Fineberg allowed me to take a look at the finished score for his new piece. “take my hand” will start with the participants gathering in a bar area to drink colored shots, so that they “hopefully get a little tipsy.” Berghain also starts by putting you in an unusual state: everybody pre-games; the famously difficult door policy caused my heart, at least, to race. Next in Fineberg’s composition, the listeners are blindfolded. “They will be individually led into a big dark room filled with smoke from smoke machines and with irregular strobe lights”—like the purple ones that night in Berghain—by guides, quiet presences who accompany the audience throughout the entire performance. “You perceive everything, and everything you perceive affects everything else you perceive,” Fineberg told me, which is why he has worked through the architecture and setting for his new work so carefully. The introduction to the score includes language for a consent statement: the idea of “consensual manipulation” put into practice.
The texture at the beginning of the composition is soft, indeterminate, breathy, “rustling.” The strings play high flautando pitches, the timbre of high partials. The flute, clarinet, horn, and electric guitar have legato lines with quarter tone intervals and soft leaps. After a time, the instruments separate out into choirs that make more intricate music, in different speeds to one another like, say, “Central Park in the Dark” by Charles Ives. There are two sopranos and violin, at quarter note = 68; flute, clarinet, viola, at quarter note = 94; cello; piano; both at quarter note = 60.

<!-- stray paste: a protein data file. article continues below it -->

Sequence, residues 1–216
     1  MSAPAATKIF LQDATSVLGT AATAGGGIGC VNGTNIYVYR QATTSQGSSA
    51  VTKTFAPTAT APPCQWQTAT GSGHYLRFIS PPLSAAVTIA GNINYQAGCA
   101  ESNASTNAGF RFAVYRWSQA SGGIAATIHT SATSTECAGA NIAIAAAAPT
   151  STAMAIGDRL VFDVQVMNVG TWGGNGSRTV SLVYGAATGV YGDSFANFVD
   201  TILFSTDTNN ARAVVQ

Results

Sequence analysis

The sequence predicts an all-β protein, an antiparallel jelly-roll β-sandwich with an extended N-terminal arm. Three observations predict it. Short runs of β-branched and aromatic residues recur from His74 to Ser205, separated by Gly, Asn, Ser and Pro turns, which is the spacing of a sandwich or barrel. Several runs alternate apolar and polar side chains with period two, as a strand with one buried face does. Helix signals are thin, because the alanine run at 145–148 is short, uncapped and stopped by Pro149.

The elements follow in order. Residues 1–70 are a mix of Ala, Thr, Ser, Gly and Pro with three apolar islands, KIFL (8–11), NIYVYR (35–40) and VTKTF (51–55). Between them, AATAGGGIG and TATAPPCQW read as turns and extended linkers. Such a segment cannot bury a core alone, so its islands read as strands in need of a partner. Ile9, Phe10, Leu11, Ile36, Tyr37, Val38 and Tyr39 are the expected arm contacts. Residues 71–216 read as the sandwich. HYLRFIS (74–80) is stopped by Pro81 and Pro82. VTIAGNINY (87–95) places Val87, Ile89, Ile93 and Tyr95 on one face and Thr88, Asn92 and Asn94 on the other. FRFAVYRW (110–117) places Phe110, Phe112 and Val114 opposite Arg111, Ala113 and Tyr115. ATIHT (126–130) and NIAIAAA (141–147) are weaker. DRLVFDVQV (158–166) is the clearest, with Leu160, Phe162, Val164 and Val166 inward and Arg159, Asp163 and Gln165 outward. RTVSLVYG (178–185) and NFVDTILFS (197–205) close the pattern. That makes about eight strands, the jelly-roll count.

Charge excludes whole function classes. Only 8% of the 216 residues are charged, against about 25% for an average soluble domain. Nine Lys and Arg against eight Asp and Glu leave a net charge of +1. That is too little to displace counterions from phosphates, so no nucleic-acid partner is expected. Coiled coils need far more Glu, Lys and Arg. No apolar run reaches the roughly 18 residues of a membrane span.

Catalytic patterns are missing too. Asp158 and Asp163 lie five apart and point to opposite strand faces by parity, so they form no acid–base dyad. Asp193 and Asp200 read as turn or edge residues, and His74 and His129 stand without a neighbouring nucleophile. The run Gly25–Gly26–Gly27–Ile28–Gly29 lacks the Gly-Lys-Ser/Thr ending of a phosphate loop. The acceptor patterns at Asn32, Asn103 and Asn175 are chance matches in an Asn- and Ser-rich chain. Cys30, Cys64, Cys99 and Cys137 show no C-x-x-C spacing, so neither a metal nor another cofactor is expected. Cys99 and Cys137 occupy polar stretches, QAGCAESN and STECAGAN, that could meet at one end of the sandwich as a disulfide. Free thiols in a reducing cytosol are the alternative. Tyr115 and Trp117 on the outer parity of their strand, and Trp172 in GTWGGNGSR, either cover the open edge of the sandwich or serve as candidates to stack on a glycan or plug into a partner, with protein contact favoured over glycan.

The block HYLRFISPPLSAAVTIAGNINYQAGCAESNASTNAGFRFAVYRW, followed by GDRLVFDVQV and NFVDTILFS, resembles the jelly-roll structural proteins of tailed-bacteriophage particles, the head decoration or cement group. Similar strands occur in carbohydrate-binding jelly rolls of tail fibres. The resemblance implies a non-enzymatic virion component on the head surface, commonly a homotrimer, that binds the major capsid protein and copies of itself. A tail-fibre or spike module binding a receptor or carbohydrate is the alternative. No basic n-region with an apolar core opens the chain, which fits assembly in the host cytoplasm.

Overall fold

At Berghain during the opening act, Fineberg pointed out to me how the DJ was slowly increasing the tempo: “He started at quarter note = 80, he sped up to quarter note = 90 now, and he’ll gradually increase it to 120.” But the multiple choirs section of “take my hand” has less to do with increasing intensity and more to do with the design of Berghain’s space. It has several rooms with different music and different brands of decadence, which this section of “take my hand,” on an abstract level, attempts to replicate. As the evening wore on and Fineberg’s friends joined him, we separated out between the Panorama Bar, the resting areas, and the main dance floor. Meeting up, then going our own ways again, we looked to shape our own experiences.